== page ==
Crypto Scammers Using Linkedin to Target Victims, Fbi Warns

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It seems like nothing is beyond the reach of crypto scammers. After phishing attacks, rug pulls, fake giveaways, and several other elaborate schemes, cybercriminals are now turning to LinkedIn to scam crypto investors.

In an interview with CNBC on June 17, 2022, FBI Special Agent Sean Ragan revealed that the networking platform has become a hotbed of illicit activity. He said these crypto scams pose a “significant threat” to LinkedIn and members of its community.

How do these scams work?

Ragan explained that scammers create fake professional-looking profiles and engage in conversations with hand-picked users through the built-in messaging feature.

Scammers first direct victims to legitimate investment platforms in order to gain their trust. They build a relationship with the victim for several months before convincing them to move the money to another platform, which is anything but legit and is usually operated by the scammer themselves. Therefore, the money is lost as soon as it leaves the victim’s wallet.

“This type of fraudulent activity is significant and there are many potential victims. There are also many past and current victims,” ​​Ragan said. A group of victims who came forward as part of the CNBC interview revealed that the amounts embezzled ranged from $200,000 to $1.6 million.

Since LinkedIn is a trusted platform for professional networking, victims tend to take messages from strangers a bit more seriously. After all, it is a platform for professionals to meet new people and build relationships within their industry.

This method also seems to be an offshoot of the common Honeytrap romance scams of popular dating portals. Only, instead of romance, scammers use the appearance of business, networking, and job opportunities to build relationships and trick users into parting with their hard-earned money or cryptos.

LinkedIn, owned by Microsoft, is present in more than 200 countries with more than 830 million users worldwide. According to the Federal Trade Commission (FTC), the money lost from these investment-related frauds amounted to $575 million between January 2021 and March 2022. LinkedIn also admitted in a statement that such fraudulent activities are increasingly prevalent on its platform and that it is doing its best to deal with it.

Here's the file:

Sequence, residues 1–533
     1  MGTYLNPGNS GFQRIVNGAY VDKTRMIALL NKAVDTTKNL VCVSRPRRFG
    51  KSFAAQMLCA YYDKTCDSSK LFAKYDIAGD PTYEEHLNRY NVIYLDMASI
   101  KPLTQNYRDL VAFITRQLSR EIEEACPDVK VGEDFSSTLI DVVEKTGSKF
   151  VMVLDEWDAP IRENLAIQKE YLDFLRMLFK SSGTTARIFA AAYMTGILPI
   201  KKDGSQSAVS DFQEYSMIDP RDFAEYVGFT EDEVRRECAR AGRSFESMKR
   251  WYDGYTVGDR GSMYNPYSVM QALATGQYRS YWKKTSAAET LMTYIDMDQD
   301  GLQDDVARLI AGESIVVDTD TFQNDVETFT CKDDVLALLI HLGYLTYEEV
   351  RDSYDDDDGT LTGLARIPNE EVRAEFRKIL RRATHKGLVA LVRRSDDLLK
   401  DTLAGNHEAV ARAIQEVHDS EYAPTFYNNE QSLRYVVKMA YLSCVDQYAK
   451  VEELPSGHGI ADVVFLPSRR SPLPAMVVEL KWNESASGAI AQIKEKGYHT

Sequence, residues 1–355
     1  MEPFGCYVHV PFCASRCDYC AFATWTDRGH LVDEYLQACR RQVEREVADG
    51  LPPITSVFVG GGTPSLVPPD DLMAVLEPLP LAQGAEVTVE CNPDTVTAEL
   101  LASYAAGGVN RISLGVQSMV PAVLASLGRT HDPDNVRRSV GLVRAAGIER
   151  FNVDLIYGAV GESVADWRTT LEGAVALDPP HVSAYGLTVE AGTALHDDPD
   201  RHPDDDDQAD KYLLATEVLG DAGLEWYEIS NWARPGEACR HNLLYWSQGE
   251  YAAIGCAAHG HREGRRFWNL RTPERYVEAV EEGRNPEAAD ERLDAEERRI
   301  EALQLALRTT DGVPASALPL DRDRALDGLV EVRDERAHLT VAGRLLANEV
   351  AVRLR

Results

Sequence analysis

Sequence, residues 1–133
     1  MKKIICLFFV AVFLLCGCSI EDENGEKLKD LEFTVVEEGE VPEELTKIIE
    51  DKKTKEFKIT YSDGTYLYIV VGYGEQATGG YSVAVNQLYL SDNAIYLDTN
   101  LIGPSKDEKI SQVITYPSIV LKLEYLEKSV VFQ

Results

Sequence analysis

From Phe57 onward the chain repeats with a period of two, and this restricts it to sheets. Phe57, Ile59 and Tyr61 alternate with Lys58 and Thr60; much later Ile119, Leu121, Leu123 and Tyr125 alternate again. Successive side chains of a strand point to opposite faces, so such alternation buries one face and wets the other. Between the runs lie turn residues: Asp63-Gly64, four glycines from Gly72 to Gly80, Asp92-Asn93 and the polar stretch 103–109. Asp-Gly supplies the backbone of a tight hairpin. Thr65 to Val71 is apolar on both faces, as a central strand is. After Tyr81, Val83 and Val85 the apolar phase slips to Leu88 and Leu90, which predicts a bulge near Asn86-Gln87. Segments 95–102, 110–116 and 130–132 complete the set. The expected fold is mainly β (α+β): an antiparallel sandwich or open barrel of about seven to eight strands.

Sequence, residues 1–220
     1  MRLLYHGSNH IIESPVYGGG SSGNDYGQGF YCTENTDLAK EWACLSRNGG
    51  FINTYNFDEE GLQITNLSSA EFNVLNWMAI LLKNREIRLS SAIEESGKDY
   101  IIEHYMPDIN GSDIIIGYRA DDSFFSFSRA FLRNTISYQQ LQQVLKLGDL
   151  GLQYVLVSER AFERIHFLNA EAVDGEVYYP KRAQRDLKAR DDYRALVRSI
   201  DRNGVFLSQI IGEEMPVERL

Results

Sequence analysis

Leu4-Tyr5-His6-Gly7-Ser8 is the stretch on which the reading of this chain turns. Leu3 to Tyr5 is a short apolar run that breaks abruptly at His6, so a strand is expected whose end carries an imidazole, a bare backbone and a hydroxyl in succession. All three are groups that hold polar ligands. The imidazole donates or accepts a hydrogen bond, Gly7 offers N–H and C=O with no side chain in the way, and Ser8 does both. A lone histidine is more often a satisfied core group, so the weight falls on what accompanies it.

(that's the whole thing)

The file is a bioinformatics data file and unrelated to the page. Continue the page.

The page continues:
So what is LinkedIn doing about it?

For starters, LinkedIn has stepped up filtering and blocking of accounts. In 2021 alone, the company disconnected 32 million suspicious accounts. In one of its reports, LinkedIn published that its automated cybersecurity systems stopped 96% of these fake accounts dead in their tracks between July 2021 and December 2021.

The system also flagged 11.9 million fake accounts during registration and identified 4.4 million malicious accounts during operation. These accounts were quickly blocked and deleted. LinkedIn also encourages users to file complaints and report these incidents so they can be effectively managed.

“We enforce our policies, which are very clear: fraudulent activity, including financial scams, is not allowed on LinkedIn. We work every day to keep our members safe, and that includes investing in automated defenses and manual to detect and address fake accounts, misinformation and suspected fraud,” LinkedIn told CNBC.

What can investors do to avoid such situations?

Interacting with strangers on the Internet is only acceptable if at a distance. Letting them into your financial affairs is like inviting a stranger into your home and believing that nothing will go away.

The FTC recommends the following tips if you want to interact safely on internet platforms such as LinkedIn:

-Do not fall into heavy income: Only scammers promise you high returns in incredibly short time.

-No legitimate business will insist on cryptocurrency: It’s a blatant red flag if you’re being asked to pay in cryptocurrency “only”.

-Romance and investment should not be united: If such interest prompts you to move some of your crypto to a different address, be sure to keep your distance. Romance scams have defrauded $185 million people since 2021 and are the second most common online scam after investment scams.

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